Dominic Pattison’s life is one of level contentment. His marriage has proved happy and durable; his business is successful. And then Sam Williams, builder and ex-squaddie, enters his life. Sam claims to be his son.
Yet is Sam who he says he is? After almost thirty years, Dominic can remember little of his affair with Sam’s mother. His instinct is to recoil from this volatile and perhaps dangerous stranger. Sam, however, refuses to be dismissed.
With its deft switches of sympathy between menaced ‘father’ and rebuffed ‘son’, Buckley’s novel is both a thriller and a subtle exploration of the intricacies of memory.
Buckley’s fiction is subtle and fastidiously low-key . . . Classic thriller elements – the cat-and-mouse game, the threat of imminent calamity – keep you turning the pages, but at heart this book is a philosophical meditation on identity and memory . . . [Buckley’s] prose style is so straightforward that you‘re lulled into feeling you‘re observing Dominic‘s life in all its unshaped mundanity. Yet every apparently loose thread, when tugged, reveals itself to be woven into the themes . . . while nothing in the book feels contrived and the dialogue is consistently credible, each scene repays examination. Contact just gets better the more you allow it to settle in your mind . . . this wise, thought-provoking novel deserves to be read and reread. The Guardian > Read the full review by Michel Faber.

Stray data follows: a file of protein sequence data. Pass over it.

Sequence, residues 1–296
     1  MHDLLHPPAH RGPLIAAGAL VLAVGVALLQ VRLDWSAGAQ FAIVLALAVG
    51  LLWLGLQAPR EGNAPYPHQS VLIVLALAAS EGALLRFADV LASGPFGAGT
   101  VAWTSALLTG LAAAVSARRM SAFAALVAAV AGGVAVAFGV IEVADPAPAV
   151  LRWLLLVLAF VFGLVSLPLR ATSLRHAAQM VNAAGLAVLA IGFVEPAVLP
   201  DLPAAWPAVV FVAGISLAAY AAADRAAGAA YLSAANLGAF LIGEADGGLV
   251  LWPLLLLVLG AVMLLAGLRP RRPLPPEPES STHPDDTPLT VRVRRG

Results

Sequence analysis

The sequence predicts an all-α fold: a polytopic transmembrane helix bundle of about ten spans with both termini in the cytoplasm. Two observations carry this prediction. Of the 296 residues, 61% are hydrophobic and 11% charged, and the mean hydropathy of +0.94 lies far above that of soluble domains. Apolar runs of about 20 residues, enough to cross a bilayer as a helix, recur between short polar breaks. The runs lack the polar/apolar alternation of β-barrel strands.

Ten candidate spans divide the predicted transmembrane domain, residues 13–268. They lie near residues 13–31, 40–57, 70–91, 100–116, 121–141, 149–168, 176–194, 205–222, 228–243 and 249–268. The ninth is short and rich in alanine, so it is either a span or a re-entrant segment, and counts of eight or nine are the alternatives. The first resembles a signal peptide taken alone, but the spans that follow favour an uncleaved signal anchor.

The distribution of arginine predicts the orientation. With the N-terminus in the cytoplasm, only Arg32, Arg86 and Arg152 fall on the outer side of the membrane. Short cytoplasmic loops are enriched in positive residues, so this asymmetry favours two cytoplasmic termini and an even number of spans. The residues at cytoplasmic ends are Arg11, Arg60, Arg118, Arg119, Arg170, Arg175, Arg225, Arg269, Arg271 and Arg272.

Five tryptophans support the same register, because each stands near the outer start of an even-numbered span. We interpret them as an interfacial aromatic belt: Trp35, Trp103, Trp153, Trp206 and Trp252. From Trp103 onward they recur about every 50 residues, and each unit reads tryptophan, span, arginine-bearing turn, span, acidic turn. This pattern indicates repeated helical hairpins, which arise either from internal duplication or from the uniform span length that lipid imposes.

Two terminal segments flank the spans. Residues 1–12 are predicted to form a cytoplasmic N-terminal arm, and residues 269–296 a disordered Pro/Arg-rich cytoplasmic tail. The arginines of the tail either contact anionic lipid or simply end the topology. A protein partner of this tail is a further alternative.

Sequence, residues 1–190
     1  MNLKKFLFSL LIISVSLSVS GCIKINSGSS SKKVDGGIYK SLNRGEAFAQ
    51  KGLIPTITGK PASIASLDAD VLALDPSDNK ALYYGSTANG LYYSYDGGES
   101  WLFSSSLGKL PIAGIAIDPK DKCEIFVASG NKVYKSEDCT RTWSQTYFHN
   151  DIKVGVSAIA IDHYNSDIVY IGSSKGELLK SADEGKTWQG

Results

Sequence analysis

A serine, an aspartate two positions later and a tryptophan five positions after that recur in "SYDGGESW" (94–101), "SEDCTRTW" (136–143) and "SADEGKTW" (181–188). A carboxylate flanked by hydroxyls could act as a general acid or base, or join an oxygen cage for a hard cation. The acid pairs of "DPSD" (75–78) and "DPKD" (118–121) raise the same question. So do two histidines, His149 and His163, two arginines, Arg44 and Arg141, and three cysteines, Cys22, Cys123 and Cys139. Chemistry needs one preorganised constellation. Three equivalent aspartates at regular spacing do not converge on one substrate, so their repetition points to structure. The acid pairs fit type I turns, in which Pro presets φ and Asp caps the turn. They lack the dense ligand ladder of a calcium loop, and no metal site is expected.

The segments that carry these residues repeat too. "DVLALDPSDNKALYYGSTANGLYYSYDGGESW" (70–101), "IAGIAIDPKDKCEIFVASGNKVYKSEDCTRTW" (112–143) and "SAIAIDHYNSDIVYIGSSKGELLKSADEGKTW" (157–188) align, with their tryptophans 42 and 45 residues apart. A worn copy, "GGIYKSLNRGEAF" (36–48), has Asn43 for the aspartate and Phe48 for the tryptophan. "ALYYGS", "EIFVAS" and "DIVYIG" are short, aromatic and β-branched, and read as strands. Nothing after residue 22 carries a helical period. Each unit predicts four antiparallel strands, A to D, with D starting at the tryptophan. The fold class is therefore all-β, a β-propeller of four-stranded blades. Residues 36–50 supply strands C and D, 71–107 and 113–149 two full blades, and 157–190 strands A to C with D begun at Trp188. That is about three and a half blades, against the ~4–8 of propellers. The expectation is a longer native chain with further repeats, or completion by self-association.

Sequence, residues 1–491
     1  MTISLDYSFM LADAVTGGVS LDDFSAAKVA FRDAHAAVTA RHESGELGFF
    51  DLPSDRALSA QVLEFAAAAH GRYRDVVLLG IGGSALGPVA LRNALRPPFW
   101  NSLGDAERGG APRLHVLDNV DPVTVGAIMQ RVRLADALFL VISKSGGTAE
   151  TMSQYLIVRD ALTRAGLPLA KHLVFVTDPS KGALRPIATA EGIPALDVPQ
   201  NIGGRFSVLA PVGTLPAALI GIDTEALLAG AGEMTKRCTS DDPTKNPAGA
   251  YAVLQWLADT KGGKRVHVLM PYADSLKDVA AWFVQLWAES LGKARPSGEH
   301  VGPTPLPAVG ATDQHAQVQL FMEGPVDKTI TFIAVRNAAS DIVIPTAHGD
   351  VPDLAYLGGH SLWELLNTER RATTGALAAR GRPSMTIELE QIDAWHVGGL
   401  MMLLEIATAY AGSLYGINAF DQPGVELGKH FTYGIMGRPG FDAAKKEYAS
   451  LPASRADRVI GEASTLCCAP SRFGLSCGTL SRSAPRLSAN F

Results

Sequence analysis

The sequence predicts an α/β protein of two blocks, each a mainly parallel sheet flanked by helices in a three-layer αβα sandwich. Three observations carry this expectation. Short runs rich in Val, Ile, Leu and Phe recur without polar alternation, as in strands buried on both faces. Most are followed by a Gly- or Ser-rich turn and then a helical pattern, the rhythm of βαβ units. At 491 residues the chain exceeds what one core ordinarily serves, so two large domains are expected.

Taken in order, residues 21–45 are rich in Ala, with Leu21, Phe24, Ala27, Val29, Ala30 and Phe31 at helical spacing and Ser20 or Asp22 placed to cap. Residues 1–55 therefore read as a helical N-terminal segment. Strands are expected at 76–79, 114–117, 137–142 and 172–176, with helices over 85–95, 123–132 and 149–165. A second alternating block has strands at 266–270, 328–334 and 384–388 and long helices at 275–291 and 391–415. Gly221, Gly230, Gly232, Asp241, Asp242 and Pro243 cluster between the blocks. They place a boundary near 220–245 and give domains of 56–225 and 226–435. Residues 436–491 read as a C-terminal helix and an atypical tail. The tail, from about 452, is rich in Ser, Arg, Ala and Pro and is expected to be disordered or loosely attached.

In deft, understated prose, Buckley allows the tension to steadily escalate, and our sympathies to seesaw. Is Sam a conniving chancer and Dominic a put-upon victim? Or is Sam truly who he says he is and Pattison a cold-hearted pragmatist determined to preserve his reputation and his marriage? Buckley provocatively refuses to defuse the situation with a definitive answer, and the novel’s all the more powerful for its ambiguity.
The Daily Mail
. . . a single-minded exercise in unease. . . a Pinteresque atmosphere of edgy mateyness and veiled threat. The Sunday Times
The character of Sam . . . adds real menace to the mental game of cat and mouse. His tales of action – of enemy contact – in Northern Ireland and Iraq are hair-raising, yet Jonathan Buckley manages to evoke Sam’s vulnerability as well as his propensity for violence. The Daily Telegraph
A superbly nuanced portrait of a life thrown unexpectedly into disorder. The Mail on Sunday
Contact undulates with satisfying tension, both psychological and visceral. The Literary Review
Few writers manage to conjure such raw unease as Jonathan Buckley . . . completely compelling. The Financial Times
Contact became my first really unputdownable book of 2010. There’s a sort of quiet but steady build up of psycho-sub-thriller menace here which had me completely hooked. Dovegreyreader
|256pp original paperback : £9.99|